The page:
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CEO Mary Barra says making ventilators has changed GM’s culture



DETROIT – CEO of Synthetic engine on Thursday said the automaker learned valuable lessons last year when it ramped up production of emergency ventilators to treat critically ill COVID-19 patients.

The company was able to help a small West Coast ventilator manufacturer start large-scale production in about a month. That gave GM confident it can accelerate other tasks, such as bringing electric cars and other vehicles to market faster, the CEO Mary Barra speak.

“Doing the exhaust fan project was a game changer from a General Motors perspective, from a culture-changing perspective,” Barra said in an extensive conversation with members of the Umbrella Press Association. car Detroit.

Barra says that in the past, GM’s management team would decline when told they needed to help a company that makes 250 ventilators a month accelerate production to 30,000 units in 150 days.

“They would look at me like I was crazy,” she said.

Instead, employees approach the matter as if their loved ones might need a ventilator and accomplish the goal, Barra said. However, the company is still accused by former President Donald Trump of operating too slowly.

Last March, GM put hundreds of workers on the project to help Seattle-area Ventec Life Systems ramp up production at a time when there were concerns the country would run out of ventilators.

GM has funded and converted an electronics factory in Indiana to help manufacture ventilators at what one supply chain expert called “lightning-fast”.

Barra said the company is now using a similar approach for tram, software and partially autonomous driver assistance systems. The company is “a few days away from getting it,” she said Hummer to the first customer. “

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Also at the event, Barra made a strong hint that Michigan could get an electric vehicle battery factory. When asked if the state had a chance to acquire a plant, she said discussions were ongoing.

“In the not-too-distant future, we will be able to answer that question,” Barra said, adding that an announcement is likely to come in weeks, not months.

GM announced plans to build four North American regions the battery factories. The locations of two have been announced, Lordstown, Ohio, and Spring Hill, Tennessee.

Barra also took a photo Tesla and its chief executive officer, Elon Musk. When asked about Musk’s criticisms of the Biden administration’s plan to provide larger tax credits to buyers of union-made electric cars, she said that building cars for the market The broader mass is much harder than selling. luxury car for part of the buyer.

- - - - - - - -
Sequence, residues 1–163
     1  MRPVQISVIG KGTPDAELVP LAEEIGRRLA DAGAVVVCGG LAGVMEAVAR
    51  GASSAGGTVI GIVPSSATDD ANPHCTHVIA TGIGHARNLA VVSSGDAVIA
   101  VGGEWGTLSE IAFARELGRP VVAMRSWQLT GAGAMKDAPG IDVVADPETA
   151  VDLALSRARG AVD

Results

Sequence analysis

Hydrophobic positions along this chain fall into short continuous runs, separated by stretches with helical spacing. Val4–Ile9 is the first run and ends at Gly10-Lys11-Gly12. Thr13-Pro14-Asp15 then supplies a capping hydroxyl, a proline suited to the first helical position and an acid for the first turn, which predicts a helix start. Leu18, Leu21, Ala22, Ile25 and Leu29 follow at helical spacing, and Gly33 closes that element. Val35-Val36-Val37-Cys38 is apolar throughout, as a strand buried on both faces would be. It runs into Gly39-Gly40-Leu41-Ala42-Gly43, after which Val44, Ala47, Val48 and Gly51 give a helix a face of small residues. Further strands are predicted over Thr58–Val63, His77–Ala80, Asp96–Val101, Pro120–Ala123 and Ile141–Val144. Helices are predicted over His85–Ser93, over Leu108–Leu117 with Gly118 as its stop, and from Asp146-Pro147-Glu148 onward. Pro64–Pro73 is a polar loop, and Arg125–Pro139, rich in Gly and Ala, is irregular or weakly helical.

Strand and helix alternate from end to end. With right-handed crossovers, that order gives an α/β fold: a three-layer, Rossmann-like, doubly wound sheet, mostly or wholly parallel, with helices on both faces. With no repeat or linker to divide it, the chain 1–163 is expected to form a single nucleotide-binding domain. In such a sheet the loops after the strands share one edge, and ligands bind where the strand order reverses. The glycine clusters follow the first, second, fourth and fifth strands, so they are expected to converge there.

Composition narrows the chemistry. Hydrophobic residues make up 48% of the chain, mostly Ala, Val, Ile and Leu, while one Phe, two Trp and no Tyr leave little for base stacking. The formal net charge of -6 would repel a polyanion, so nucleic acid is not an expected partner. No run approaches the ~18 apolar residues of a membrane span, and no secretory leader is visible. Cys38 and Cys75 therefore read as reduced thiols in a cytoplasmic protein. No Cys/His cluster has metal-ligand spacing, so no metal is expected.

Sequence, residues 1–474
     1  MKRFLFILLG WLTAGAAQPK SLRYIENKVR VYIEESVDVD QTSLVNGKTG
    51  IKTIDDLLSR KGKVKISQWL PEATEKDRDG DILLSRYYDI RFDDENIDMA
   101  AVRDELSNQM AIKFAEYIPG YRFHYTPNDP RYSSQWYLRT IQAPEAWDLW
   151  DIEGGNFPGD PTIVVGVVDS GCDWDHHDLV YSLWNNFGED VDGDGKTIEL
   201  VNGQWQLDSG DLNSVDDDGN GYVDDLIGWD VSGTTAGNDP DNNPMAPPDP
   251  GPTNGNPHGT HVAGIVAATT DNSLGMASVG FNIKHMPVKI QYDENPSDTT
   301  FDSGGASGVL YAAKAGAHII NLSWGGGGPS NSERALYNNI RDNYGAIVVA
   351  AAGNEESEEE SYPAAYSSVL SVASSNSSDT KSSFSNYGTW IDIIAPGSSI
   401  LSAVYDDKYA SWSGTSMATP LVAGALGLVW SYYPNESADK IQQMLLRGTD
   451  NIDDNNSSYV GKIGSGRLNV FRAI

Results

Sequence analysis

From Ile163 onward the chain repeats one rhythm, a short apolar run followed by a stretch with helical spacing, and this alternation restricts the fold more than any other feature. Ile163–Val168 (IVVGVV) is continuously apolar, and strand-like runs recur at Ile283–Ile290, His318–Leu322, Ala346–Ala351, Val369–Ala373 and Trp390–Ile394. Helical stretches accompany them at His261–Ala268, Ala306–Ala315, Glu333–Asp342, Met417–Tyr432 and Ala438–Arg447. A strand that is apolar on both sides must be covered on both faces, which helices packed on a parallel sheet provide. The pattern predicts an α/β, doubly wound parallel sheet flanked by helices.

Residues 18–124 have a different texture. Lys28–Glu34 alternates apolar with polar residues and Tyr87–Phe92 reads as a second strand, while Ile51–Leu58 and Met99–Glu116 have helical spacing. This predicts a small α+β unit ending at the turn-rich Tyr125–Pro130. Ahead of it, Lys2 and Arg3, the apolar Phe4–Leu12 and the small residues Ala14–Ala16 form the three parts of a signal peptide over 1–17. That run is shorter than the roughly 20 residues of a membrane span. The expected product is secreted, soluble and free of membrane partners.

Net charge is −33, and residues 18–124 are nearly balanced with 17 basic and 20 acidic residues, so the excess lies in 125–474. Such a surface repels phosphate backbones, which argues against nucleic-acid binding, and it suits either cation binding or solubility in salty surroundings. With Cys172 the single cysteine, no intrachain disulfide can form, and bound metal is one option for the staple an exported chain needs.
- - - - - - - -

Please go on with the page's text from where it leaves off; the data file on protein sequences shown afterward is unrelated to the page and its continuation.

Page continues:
In a dig into the extent of Musk’s hype, she said, “I’m not going to get into that kind of content because I really mean what I say and say what I mean. When I speak. something, I really want to say it and I’m an engineer, so I’ll do it.”

She speaks Shares of GM undervalued when compared to Tesla, Rivian, Lucid Motors, all relatively new companies with large market valuations focused solely on electric vehicles.

“Sometimes the traditional, iconic company, even though they are innovating rapidly, is seen through a different lens,” she says.

Barra also said she doesn’t think GM will return to owning such a large number of vehicles seller a lot, now it’s managed through a global computer lack of chips with lower inventory. While there are some customers who want to buy a car immediately, others want to order online and avoid the agency, and GM will serve both, she said.

Her comments came after the company Notice two more steps to make sure it has the raw materials for the transition from petroleum to battery power. The company announced an agreement with MP Materials to supply rare earth metals and finished magnets for electric vehicle motors from a newly built plant in Fort Worth, Texas, starting in 2023.

They are also negotiating the possibility of a joint venture with Germany’s Vacuumschmelze (VAC) to build a factory to manufacture electric vehicle motor magnets in the US. The companies said they would start production in 2024 and would create “hundreds of new jobs”.

The companies did not disclose the financial terms of the transactions. Shilpan Amin, GM’s head of supply chain and purchasing, said it has a component supply agreement with MP Materials that does not require GM capital investment. The capital structure of the joint venture with VAC is still being discussed, but the companies have said they will build a factory together.

There are currently no plants in the US equipped for large-scale production of electric vehicle motor magnets, Amin said. MP says 90% of the current supply comes from China.

The moves come as automakers are scrambling for supplies of parts for what is believed to be a dramatic shift from internal combustion engines to zero. emissions electric energy in the next decade. For example, GM aims to sell only electric passenger cars by 2035.



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